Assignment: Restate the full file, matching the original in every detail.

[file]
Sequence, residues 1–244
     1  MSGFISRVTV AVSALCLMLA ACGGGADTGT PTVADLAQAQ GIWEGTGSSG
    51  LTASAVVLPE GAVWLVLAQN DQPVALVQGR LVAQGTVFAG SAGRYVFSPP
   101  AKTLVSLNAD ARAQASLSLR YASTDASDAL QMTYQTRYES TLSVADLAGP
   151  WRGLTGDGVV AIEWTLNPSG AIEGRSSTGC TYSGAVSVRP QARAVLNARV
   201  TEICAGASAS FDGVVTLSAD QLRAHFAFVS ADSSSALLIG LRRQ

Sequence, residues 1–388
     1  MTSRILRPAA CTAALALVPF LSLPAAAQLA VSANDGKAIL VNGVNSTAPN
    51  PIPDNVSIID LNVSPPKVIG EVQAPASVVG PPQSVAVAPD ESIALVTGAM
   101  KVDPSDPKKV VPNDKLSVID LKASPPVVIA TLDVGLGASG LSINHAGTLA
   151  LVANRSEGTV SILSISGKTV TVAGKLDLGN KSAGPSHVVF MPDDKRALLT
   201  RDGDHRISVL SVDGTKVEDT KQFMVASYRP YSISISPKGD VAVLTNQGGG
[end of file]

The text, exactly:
Sequence, residues 1–244
     1  MSGFISRVTV AVSALCLMLA ACGGGADTGT PTVADLAQAQ GIWEGTGSSG
    51  LTASAVVLPE GAVWLVLAQN DQPVALVQGR LVAQGTVFAG SAGRYVFSPP
   101  AKTLVSLNAD ARAQASLSLR YASTDASDAL QMTYQTRYES TLSVADLAGP
   151  WRGLTGDGVV AIEWTLNPSG AIEGRSSTGC TYSGAVSVRP QARAVLNARV
   201  TEICAGASAS FDGVVTLSAD QLRAHFAFVS ADSSSALLIG LRRQ

Sequence, residues 1–388
     1  MTSRILRPAA CTAALALVPF LSLPAAAQLA VSANDGKAIL VNGVNSTAPN
    51  PIPDNVSIID LNVSPPKVIG EVQAPASVVG PPQSVAVAPD ESIALVTGAM
   101  KVDPSDPKKV VPNDKLSVID LKASPPVVIA TLDVGLGASG LSINHAGTLA
   151  LVANRSEGTV SILSISGKTV TVAGKLDLGN KSAGPSHVVF MPDDKRALLT
   201  RDGDHRISVL SVDGTKVEDT KQFMVASYRP YSISISPKGD VAVLTNQGGG